Indian literature has a long tradition, stretching back more than 25 centuries and encompassing hundreds of languages. The earliest extant texts are in Sanskrit, Pali, Prakrit and Tamil. From references in those texts, we get the impression of a complex and rich literature, encompassing many languages, styles, critiques and commentaries. This Amar Chitra Katha collection brings together a sample of the Indian literary tradition down the years. It starts with the works of Kalidasa, moving to Sanskrit romances of the Gupta Age, and ancient Tamil Sangam literature which was influenced by Jain and Buddhist thought.
As language and literature evolved, each region in the country began to develop its own special modes of writing and story-telling. By the nineteenth century, India was home to not one but a multitude of literatures, each borrowing from, referring to, and overlapping with the others. When India came under British colonisation, English ideas began to be seen in Indian writing. More importantly, major Indian thinkers started to question their subjugation by the British. A new strain of nationalistic writing arose, trying to bring together Indian people across barriers of language, region and culture. The nationalistic Bengali novels of Bankim Chandra Chattopadhay, were written during this time.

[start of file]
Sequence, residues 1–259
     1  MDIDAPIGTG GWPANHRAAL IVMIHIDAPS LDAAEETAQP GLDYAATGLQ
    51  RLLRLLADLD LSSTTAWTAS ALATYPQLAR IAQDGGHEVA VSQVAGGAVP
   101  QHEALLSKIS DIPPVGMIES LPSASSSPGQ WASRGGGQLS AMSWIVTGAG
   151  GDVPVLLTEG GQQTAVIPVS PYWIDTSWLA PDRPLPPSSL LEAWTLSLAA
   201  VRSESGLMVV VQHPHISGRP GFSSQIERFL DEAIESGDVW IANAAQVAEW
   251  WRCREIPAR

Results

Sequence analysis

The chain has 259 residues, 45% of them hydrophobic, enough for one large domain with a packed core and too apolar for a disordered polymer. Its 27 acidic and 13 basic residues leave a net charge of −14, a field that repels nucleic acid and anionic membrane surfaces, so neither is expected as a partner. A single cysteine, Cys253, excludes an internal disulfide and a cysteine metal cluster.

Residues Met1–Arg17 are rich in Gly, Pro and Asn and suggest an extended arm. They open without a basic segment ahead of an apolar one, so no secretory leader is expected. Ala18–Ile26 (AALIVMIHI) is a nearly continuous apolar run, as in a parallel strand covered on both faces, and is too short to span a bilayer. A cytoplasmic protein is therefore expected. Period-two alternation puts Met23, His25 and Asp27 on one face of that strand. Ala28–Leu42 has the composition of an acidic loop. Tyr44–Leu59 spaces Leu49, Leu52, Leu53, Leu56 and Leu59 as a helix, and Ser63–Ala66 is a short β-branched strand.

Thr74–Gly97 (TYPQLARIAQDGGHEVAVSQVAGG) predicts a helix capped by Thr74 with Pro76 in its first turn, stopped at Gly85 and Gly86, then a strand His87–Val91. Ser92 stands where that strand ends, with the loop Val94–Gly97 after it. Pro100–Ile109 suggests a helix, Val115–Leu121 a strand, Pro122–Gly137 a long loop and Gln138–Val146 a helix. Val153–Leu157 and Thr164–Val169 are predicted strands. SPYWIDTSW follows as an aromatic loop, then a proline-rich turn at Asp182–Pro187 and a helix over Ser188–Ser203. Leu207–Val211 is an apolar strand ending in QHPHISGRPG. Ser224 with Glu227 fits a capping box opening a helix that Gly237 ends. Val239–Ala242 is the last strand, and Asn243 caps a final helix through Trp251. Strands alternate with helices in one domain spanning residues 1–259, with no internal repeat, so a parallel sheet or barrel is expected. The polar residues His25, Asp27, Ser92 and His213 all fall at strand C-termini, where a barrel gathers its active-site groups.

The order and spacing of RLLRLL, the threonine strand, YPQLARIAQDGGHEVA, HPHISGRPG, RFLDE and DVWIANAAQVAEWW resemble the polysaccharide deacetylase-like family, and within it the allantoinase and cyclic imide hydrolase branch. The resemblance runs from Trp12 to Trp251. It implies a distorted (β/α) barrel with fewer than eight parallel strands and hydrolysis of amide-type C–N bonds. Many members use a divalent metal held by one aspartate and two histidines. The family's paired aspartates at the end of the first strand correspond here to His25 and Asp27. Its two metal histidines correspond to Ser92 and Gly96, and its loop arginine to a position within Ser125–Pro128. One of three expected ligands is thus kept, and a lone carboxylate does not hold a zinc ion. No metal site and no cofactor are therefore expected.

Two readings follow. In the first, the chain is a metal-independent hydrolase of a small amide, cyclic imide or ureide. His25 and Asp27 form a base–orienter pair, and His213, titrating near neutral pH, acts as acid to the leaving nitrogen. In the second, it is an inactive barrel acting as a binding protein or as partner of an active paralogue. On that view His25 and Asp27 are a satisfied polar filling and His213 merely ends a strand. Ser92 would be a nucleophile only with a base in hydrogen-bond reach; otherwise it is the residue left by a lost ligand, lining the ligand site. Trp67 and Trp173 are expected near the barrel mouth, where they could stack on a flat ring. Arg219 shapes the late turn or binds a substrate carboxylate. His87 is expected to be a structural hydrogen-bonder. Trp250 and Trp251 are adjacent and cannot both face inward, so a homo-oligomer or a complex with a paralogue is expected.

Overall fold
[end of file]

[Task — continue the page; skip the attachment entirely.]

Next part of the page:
The last section contains new classics from a selection of Indian languages – Kannada, Marathi, Malayalam and Punjabi, giving the reader a flavour of modern Indian writing, in all its colour and variety.
This book includes the following titles:
- Bankim Chandra
- Devi Choudhurani
- Ananda Math
- Raj Singh
- Kapala Kundala
- Prince Jivaka
- Satwant Kaur
- Veer Dhaval
- The Elusive Kaka
- The Taming of Gulla
- The Legend of Marthanda Varma